The ultimate absurdity that Vittal had to contend with related to the satellite earth station that TI bought and installed for its work in Bengaluru to communicate with its headquarters in Texas (USA). TI was told, ‘You can’t own your satellite dish in India, but you can provide it and DoT will levy a service charge for your right to use it! This went on for five years, with TI paying through the nose. Said Vittal : “This was like the Tamil proverb which says, make a murthi of Ganesha out of jaggery and give that itself as prasadam!
When other states wanted their own satellite earth stations, DoT’s monopoly charges were too high. Vittal diverted some unused funds which he commanded after setting up the Semiconductor Complex in Mohali to help Andhra Pradesh, Kerala, Gujarat set up their own state satellite facilities.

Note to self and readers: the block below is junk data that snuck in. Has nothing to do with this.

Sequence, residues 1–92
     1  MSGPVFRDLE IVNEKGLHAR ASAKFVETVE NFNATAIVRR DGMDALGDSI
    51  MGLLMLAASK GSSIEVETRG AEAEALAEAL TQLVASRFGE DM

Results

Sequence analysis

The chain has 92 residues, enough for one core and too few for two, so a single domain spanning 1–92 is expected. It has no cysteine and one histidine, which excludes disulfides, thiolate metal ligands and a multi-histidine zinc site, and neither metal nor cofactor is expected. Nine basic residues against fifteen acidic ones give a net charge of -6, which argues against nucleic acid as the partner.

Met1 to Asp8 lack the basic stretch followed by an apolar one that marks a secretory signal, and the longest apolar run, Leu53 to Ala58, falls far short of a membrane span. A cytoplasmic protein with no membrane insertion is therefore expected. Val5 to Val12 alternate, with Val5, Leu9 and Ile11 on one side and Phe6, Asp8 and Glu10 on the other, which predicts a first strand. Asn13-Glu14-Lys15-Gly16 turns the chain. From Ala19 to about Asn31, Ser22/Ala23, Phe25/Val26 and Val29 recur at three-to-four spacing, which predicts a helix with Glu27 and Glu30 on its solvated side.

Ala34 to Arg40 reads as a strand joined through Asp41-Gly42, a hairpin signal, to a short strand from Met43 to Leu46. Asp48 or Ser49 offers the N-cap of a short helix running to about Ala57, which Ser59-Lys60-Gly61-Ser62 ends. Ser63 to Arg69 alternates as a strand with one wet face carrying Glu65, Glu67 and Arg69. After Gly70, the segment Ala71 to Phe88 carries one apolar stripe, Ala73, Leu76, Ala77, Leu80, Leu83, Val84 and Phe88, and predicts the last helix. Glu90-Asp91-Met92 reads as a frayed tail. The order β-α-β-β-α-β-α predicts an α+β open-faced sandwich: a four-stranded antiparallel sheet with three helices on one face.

Perhaps Vittal’s biggest contribution to the growth of electronics in India was the creation of the national chain which became Software Technology Parks of India (STPI). “The time had come to say: the whole country is a free trade zone for the software industry”, he said -- and credits the then Prime Minister P V Narasimha Rao and Finance Minister Manmohan Singh with the “requisite knowledge and enthusiasm to support liberalization of the industry…. Manmohan Singh was a pure professional. History will one day do justice to him.” He was also helped by another visionary – the late scientist-administrator N. Seshagiri who set up and headed the National Informatics Centre.
Shift to Telecom
A sideways shift to the Telecom Commission as its Chairman in 1993, enabled Vittal to take head-on, an entrenched bureaucracy and 40 trade unions which resisted all change at the DoT. It took just over a year for him to push through a new and liberal Telecom Policy in the teeth of opposition from his own minister, Sukh Ram.